Friday, January 18, 2013

The Ohioan

A steamboat on fire from
The year before Hardy Croom was killed in a shipwreck, Bryan and Eveline Croom were in danger aboard the steamboat Ohioan.  

From The Croom Family and Goodwood Plantation:  Land Litigation & Southern Lives, by William Warren Rogers and Erica Clark:
(Bryan and Eveline Croom) and Harriet, their house servant, were among the fifteen passengers on board the paddle-wheel steamboat Ohioan, which left Apalachicola for Columbus, Georgia, on April 22, 1836.  Bound upstream with a load of freight, the Ohioan made good time.  The next morning around eleven o'clock the steamboat was about six or eight miles below Ocheesee Landing when a fire  broke out at midships.  Flames, driven by a heavy wind, engulfed the vessel within fifteen minutes, but that was time enough for the women passengers to be placed in the vessel's yawl and rowed to safety.  The crew and male passengers jumped overboard and swam ashore.  Tragically, Harriet was so frightened that she refused to get into the yawl.  She panicked, leaped from the deck, and despite all efforts to save her, was drowned.  That the Ohioan was uninsured and only a small portion of the cargo had any coverage meant the estimated loss of $25,000 was practically total.  The cause of the fire was never discovered.
The passengers' personal effects and clothes, except those they were wearing, were lost.  Like the others, Bryan and Eveline were fortunate to escape with their lives.  Eveline, who already had a fear of steamboats, was adamantly opposed to any further travel, causing Bryan to ask Hardy to buy a cloak and black suit for him in New York.  He also wanted him to purchase a gold waist buckle for Eveline and, while he was at it, one for his niece Henrietta Mary as well.  Hardy responded to the news with sympathy, declaring "[The] loss of your valuable servant Harriet is much to be regretted."  He added, "The spectacle and the danger must have greatly affected Sister Eveline, and I fear she will not soon recover from her dread and dislike of Steam Boats.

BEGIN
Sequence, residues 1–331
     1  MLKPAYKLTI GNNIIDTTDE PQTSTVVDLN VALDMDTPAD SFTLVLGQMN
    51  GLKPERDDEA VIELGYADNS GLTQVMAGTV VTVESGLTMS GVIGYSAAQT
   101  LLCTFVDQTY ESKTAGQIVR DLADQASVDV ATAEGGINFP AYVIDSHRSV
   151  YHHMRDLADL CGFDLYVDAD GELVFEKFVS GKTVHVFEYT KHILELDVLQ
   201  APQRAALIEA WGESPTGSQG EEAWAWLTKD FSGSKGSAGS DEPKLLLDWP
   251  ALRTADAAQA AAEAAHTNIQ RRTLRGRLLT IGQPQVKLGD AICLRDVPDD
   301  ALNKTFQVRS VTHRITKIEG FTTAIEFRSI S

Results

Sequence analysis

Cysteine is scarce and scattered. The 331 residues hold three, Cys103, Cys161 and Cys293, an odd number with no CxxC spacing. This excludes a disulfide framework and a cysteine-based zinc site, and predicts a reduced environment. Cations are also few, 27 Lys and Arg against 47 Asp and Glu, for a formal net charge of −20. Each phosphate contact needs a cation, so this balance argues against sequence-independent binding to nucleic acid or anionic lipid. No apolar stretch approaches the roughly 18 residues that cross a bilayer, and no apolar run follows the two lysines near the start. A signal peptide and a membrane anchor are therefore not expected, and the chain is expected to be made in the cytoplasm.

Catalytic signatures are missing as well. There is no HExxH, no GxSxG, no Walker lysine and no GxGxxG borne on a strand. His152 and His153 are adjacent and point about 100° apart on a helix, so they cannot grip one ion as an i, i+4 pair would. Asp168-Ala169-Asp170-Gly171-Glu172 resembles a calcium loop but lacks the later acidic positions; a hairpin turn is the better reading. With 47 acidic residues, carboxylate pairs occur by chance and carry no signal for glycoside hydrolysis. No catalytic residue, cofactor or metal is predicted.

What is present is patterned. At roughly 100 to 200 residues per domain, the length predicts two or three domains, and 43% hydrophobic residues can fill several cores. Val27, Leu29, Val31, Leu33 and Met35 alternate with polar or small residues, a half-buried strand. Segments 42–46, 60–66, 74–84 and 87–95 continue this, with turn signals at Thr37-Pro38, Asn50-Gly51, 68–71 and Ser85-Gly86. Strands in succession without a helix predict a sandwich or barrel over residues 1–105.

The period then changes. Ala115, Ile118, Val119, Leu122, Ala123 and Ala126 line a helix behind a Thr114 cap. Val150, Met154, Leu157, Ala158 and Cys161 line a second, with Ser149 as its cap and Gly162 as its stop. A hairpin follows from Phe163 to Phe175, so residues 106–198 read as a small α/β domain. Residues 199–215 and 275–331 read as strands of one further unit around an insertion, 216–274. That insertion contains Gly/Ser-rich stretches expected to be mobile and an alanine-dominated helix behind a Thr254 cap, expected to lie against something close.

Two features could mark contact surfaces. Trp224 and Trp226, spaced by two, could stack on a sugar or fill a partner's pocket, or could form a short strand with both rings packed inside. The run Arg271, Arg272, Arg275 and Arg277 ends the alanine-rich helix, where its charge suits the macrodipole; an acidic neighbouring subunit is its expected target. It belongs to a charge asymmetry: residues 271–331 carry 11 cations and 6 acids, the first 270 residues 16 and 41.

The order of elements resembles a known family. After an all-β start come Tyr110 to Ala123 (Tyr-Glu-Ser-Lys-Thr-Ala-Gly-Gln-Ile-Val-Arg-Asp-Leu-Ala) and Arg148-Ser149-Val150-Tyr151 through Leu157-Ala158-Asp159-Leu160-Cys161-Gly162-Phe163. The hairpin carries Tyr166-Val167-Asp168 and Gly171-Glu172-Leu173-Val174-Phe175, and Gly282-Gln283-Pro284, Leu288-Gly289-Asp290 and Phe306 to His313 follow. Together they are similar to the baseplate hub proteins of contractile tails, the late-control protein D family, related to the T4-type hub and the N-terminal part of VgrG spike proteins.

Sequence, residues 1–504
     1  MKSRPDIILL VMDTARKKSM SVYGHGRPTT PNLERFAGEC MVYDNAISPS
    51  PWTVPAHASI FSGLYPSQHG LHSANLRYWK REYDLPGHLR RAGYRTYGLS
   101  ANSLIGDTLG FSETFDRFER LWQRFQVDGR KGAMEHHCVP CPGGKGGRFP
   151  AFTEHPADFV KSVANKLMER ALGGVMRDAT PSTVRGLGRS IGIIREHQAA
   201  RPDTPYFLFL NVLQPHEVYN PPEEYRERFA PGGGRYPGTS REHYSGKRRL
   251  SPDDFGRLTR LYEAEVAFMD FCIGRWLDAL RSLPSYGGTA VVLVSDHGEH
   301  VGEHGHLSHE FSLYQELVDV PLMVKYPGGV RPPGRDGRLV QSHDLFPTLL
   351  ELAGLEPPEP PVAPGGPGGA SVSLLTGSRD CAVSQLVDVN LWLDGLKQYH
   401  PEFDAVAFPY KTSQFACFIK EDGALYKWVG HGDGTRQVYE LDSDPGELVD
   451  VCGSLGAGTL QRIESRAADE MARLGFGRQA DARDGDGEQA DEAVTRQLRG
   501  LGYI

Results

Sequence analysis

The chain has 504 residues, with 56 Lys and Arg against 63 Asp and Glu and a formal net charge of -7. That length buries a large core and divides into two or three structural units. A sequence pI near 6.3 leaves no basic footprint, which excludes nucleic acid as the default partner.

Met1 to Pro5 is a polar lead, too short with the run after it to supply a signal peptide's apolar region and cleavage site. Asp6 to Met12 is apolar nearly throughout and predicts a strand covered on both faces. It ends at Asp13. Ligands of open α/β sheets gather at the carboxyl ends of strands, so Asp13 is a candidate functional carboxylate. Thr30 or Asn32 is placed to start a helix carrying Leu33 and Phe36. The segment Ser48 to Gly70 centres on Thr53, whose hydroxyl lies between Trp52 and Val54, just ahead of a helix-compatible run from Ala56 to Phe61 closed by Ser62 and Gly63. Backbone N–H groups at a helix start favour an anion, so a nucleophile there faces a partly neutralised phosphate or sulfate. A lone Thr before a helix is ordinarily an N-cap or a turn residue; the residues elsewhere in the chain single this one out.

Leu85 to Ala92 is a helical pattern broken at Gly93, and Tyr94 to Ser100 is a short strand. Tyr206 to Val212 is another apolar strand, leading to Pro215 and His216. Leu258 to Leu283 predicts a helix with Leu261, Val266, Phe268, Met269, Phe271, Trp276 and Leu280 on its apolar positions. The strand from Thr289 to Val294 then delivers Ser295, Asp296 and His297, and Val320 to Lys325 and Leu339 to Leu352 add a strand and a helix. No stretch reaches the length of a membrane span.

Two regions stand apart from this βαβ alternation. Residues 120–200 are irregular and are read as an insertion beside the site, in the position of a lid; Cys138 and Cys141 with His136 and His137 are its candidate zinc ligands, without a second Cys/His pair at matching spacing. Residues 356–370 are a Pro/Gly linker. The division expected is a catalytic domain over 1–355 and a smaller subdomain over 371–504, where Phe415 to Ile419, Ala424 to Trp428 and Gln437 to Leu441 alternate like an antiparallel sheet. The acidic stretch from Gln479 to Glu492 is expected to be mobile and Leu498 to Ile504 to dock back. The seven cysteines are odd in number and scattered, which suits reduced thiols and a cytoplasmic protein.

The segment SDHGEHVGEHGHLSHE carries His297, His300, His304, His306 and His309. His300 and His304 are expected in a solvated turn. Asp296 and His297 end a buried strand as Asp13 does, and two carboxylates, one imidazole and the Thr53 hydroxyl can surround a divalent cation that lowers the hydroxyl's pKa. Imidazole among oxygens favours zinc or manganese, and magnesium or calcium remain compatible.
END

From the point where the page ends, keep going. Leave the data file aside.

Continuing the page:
The accident, compounded by an unnamed but extreme illness, caused the usually stoical Bryan to become despondent... 
From the Alabama Review, 1968, article, "Sail and Steam Vessels Serving the Apalachicola-Chattahoochee Valley" by Harry P. Owens:
Fires were more common than explosions.  The Ohioan caught fire in 1836 a few miles above Apalachicola, and the crew was able to save very little because of high winds...
From Columbus, Geo., from it Selection as a "Trading Town" in 1827, to its Partial Destruction by Wilson's Raid in 1865, compiled by John H. Martin and published in 1874:
The steamer Ohioan was burned on the Chattahoochee, eight miles below Ocheesee, early in May.  She was freighted with merchandise for Columbus.  One servant girl was lost.  The boat had fifteen passengers, who escaped.  Boat and cargo were valued at $25,000.  She was owned principally in Mobile.

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